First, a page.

Clement struggles in rain-shortened loss

Clement struggles in rain-shortened loss

BOSTON -- The Red Sox were deprived of their final 12 outs at soggy Fenway Park on Friday night, but they didn't feel the need to lodge any major complaints. From the start to the hollow finish, this just wasn't Boston's night.

Amid raw and rainy conditions, the Red Sox suffered a 6-0 loss to the Rangers in a game that was delayed -- and never resumed -- with David Ortiz batting and two outs in the bottom of the sixth.

"It was cold out there, it was not fun, it was miserable," said first baseman Kevin Youkilis. "You have to go out there and play until they call the game, and that's what I was trying to do. It was just, all around, not a fun day. What else can you say?"

The game was delayed for 48 minutes before it became obvious that Mother Nature would not allow another pitch.

"It's a tough night for everybody," said manager Terry Francona. "You'd certainly like to play nine and have a chance to win the game. I understand the umpires -- they thought they could keep us out there. Once they stayed for five, I was kind of appreciative they didn't just call it then. I thought they did a pretty good job."

This was no night to be a hitter, but that didn't stop Hank Blalock. The Rangers' third baseman got a hold of one to start the second, hammering a solo shot to center off right-hander Matt Clement to give Texas a 1-0 lead.

The Rangers came out hacking again in the third. Rod Barajas led off with a double to left and scored on a bloop single by Gary Matthews. Phil Nevin delivered a two-out RBI double and Blalock belted an RBI single to make it 4-0.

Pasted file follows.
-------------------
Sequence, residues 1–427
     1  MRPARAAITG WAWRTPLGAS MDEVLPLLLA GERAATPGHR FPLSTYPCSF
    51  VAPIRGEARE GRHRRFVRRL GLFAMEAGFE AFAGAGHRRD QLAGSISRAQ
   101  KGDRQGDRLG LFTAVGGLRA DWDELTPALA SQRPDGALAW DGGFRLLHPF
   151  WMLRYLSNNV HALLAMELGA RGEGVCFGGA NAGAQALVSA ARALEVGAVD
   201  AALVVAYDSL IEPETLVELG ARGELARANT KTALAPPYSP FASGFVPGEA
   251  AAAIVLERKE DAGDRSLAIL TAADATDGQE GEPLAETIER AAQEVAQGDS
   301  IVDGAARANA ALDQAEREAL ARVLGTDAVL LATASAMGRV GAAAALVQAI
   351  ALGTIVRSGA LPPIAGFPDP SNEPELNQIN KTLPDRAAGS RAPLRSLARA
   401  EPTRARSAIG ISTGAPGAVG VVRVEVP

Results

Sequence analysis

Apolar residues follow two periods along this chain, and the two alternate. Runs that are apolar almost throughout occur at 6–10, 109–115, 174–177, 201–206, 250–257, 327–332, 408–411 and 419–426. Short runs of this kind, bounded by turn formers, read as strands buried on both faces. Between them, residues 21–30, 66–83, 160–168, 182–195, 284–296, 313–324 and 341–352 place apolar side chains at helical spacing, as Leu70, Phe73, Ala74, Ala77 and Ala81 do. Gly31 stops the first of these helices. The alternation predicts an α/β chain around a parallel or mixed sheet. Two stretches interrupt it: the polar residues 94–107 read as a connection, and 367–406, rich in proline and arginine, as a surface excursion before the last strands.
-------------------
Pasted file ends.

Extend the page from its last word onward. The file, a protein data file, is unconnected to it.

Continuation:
Meanwhile, Kameron Loe, who earned the win with a rare five-inning shutout, did a nice job of stifling the Sox.

Boston did put together a rally in the fourth, thanks to an infield single by Trot Nixon and a one-out double to left by Jason Varitek. But Loe got Mike Lowell and Wily Mo Pena on grounders to third to emerge unscathed.

Clement, working on seven days' rest after being skipped over for the series with the Yankees, never seemed in rhythm. He gave up six hits and four runs over five innings, striking out four. Did the layoff affect him?

"No," Clement said tersely.

How about the conditions? Were they the culprit in Clement's less-than-sharp performance?

"It was tough, but at the same time, [Loe] did a great job," Clement said. "He still got the job done and made a couple of huge pitches when he was in trouble, and he did the job that he needed to do."

There were a few times Clement looked awkward on his follow-through, and Francona and the training staff went out to confer with him. But Clement said that he's fine.

"In a situation like that, it was pretty rough out there, you're slipping a little bit every once in a while," he said. "My arm felt great. I was just having trouble getting my legs comfortable with the ground. I gave up runs because they hit the ball. That's a good hitting team. I left a few balls up, and they hit them hard."

Things didn't go much better when left-hander Mike Holtz came on in relief in the sixth. Matthews roped a two-run triple over the head of Pena, who got a bad jump on the ball, to make it 6-0.

Any hopes of a Boston comeback were derailed at 9:16 p.m. ET. With Loe about to deal a 2-2 pitch to Ortiz, the tarp came out to cover the field, where it may sit for most of what is supposed to be a soggy weekend in Boston.

"It wasn't playable -- that was getting real bad, real quick," Youkilis said. "It was soaked out there, there were puddles. It's not easy."

Ian Browne is a reporter for This story was not subject to the approval of Major League Baseball or its clubs.